Electromyography

The recordings of the myoelectric activity were performed by means of POCKET EMG (BTS, Italy) which is a portable unit for collecting and transmitting data wirelessly to the computer. The sampling frequency of 1000 Hz was used. Preamplifiers placed next to the measuring electrode allowed to rule out the influence of likely movements of the wires on the measurement. Bipolar surface EMG electrodes (Al/AgCl, discs of 10 mm diameter) were placed on the bellies of the vastus lateralis (VL) muscle and the vastus medialis (VM) muscle of the right leg in accordance with SENIAM recommendations (Hermens et al., 1999). An inter-electrode centre-to-centre distance of 20 mm was used to limit the pick-up area. The reference electrode was placed at the lateral ankle. Before the electrodes were attached, subjects’ skin was cleaned of dead epidermis with abrasive paste and then defatted.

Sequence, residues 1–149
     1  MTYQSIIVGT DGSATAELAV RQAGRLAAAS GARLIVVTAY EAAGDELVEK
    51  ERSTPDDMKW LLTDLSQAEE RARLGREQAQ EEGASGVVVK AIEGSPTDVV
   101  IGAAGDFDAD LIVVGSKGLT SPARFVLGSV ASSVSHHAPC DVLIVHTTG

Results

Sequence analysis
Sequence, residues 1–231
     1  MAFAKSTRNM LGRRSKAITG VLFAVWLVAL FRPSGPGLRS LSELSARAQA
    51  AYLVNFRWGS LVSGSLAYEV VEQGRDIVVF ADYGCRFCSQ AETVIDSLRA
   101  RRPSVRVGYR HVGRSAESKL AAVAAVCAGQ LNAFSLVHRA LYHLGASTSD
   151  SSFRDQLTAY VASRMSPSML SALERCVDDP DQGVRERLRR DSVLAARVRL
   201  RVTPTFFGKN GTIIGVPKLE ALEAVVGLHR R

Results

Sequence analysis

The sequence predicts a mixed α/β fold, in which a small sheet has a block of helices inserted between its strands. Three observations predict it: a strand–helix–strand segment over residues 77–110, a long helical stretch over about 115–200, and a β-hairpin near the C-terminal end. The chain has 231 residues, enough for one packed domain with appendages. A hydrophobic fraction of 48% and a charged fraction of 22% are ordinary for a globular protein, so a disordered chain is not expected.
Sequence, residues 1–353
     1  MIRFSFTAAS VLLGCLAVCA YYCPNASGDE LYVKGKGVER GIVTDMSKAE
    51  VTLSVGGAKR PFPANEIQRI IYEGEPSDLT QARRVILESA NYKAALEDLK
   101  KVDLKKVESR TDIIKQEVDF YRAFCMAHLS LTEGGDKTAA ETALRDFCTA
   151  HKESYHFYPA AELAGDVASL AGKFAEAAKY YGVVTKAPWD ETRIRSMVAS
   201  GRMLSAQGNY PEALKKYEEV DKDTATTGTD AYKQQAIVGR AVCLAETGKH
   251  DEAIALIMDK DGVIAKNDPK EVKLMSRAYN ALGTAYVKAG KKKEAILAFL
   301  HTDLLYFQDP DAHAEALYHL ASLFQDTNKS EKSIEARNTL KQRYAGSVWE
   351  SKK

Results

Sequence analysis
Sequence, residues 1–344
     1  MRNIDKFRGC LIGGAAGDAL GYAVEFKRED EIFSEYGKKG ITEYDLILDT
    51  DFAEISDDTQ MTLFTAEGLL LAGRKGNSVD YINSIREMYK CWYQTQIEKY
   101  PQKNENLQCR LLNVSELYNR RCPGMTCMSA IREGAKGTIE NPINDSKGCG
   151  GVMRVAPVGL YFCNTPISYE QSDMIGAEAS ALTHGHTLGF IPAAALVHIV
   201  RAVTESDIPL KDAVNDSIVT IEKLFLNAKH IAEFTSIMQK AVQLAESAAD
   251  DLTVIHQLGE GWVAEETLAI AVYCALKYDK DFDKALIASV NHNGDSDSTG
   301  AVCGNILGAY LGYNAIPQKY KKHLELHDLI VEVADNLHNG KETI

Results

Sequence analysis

After the acquisition, the raw data was further processed by means of the SMART Analyzer software (BTS, Italy). There were the following steps undertaken in the process of EMG signal analysis: filtering with bandpass filter (4th order Butterworth filter of 20-400 Hz); the root mean square method (RMS) (Soderberg and Knutson, 2000) was used with moving time window (100ms) for whole 30 seconds trial. The mean value of RMS (RMSemg) in static conditions, in which the trials were conducted, indicates the level of constant mean electrical activity of the selected muscle group. The signal’s mean value (RMSemg) was used for further analysis. Signal sensitivity, as well as the amplification was kept constant, thus ensuring measurement range within ±5 mV.

Statistical analyses